As the fallout over health reform continues to capture national attention, President Obama stepped onto the international stage today to sign a major nuclear weapons treaty with Russia. Although the Cold War is over and far from our minds, its nuclear weapons remain. The treaty, dubbed "New START," marks the beginning of an American push to stop the spread of nuclear weapons, prevent accidental nuclear war, and keep nuclear bombs from falling into terrorist hands. And just like health care, it's been a long time coming.
A year ago, President Obama threw his diplomatic muscle behind a new strategy to reduce nuclear threats by committing the U.S. to the goal of eliminating global nuclear arsenals and to a series of policy steps to move in that direction. As the two countries holding 96% of the world's nuclear weapons, Russia and the U.S. must lead. The President's approach -- a vision for the future and concrete steps to get there -- will give the U.S. the credibility it needs to convince other "swing" countries in the international political system to help halt illicit nuclear trade and reduce the threats of proliferation and terrorism.
Influential Republicans, ranging from former Secretary of State Henry Kissinger to Senator John McCain, support the broad strategy President Obama is pursuing, which builds upon President Reagan's vision to eliminate nuclear threats. Indeed, the treaty is bipartisan through and through.
Furthermore, President Obama's nuclear strategy is not based on naïve idealism. His pragmatism is evidenced in the terms of New START and the story of its negotiation. Some of the President's opponents are angry that they lost health care and may oppose the New START as a result. But they cannot quarrel with New START on its national security merits.
As attested by Chairman of the Joint Chiefs of Staff Admiral Michael Mullen, New START would eliminate weapons the U.S. military doesn't need. It would decrease to 1,550 the number of long-range nuclear weapons the U.S. deploys, which is still plenty to destroy the planet a dozen times over. If there were ever a moment to cut needless government spending, it's now.
Even better news: the U.S. ceded no ground to Russia over the past year of negotiations. Russia wanted restrictions on U.S. missile defense systems. They're not in there. Russia wanted to eliminate inspection procedures. Secretary of Defense Gates certifies that New START will guarantee the U.S. access to all information needed. Russia believed President Obama's Nobel Peace Prize would give it the upper hand in negotiations, thinking the inexperienced President would grant concessions in order to be able to advertise the treaty is his acceptance speech in Oslo. No such luck for the Russian negotiators. President Obama stuck his ground, intervening personally with calls to President Medvedev on 14 occasions, and waiting patiently until both countries could strike a final agreement that is in the national security interests of both.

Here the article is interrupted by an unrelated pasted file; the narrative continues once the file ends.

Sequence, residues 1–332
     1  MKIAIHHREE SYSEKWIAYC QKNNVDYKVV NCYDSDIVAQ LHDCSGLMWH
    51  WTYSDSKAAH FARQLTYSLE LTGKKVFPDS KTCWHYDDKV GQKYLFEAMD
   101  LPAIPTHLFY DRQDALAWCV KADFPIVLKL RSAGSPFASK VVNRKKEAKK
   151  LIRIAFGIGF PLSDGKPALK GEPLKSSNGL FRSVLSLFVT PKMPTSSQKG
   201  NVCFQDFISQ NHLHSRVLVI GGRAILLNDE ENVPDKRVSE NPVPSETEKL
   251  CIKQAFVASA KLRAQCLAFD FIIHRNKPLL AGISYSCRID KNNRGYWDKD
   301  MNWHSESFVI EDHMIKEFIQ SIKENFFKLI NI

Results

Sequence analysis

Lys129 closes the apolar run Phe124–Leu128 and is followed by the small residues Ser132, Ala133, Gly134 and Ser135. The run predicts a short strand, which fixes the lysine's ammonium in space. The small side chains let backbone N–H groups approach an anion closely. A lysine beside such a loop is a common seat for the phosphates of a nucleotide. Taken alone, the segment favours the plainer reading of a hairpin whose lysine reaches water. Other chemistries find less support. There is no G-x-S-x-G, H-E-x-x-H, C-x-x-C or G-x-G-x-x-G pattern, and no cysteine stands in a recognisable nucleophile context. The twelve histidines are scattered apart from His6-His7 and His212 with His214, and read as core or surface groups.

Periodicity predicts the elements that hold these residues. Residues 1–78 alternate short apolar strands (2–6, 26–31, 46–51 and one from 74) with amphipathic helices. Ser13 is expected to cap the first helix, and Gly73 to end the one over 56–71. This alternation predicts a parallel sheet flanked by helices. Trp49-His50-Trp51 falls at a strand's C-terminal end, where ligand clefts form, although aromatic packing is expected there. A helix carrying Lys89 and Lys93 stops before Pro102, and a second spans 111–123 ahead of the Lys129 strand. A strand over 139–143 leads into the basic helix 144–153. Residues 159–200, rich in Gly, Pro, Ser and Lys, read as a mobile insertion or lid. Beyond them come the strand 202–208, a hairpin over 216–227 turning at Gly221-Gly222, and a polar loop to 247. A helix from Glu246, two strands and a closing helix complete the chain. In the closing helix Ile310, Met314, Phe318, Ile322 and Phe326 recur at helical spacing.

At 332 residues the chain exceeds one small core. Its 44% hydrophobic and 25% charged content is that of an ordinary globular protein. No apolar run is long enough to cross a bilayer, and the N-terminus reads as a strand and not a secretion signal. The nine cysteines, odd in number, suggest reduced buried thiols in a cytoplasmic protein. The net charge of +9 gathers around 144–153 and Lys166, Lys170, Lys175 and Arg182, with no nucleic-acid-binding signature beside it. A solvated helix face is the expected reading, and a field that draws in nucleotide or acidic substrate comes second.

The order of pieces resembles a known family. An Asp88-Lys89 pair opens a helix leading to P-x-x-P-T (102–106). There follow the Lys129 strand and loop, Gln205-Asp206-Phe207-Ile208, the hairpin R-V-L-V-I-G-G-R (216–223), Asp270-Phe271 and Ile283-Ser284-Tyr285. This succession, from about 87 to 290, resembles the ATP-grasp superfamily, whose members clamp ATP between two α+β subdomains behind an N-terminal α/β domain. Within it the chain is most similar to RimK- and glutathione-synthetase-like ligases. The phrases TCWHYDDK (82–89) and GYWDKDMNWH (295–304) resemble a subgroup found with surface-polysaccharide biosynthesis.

But let's be honest. When people talk about nuclear threats these days, they're mostly concerned about Iran, North Korea, and nuclear terrorism. What does New START do about these threats?
Arms control treaties are like preventive medicine. We would not expect a daily jog to prevent a looming heart attack, let alone reverse the effects of a stroke. We should not expect New START to single-handedly roll back Iran's weapons program, break North Korea's black market proliferation networks, or definitively lock up all nuclear materials worldwide. In the long run, just as daily exercise is a vital component of a healthy lifestyle, a series of steps toward stronger global rules to manage nuclear materials and technologies offers the best opportunity to slow nuclear proliferation and minimize the chances that terrorists get access to these weapons. We'd get it all for a cost not much higher than walking up the stairs.
And ultimately, the U.S. and Russia will have difficulty convincing countries to lose weight if they tip the scales higher than anyone else. Tightening our belts won't convince China to act against its strategic interests in Iran, but it will make us just that much more credible when we say we're acting in the global best interest.
The New START represents an important victory, but implementation needs Senate approval. Senators are so tired of bickering they are leaving the Senate. Americans are so tired of bickering they are supporting third parties. The Senate traditionally prides itself on its fair-minded approach to America's security. This is its chance to live up to its rhetoric.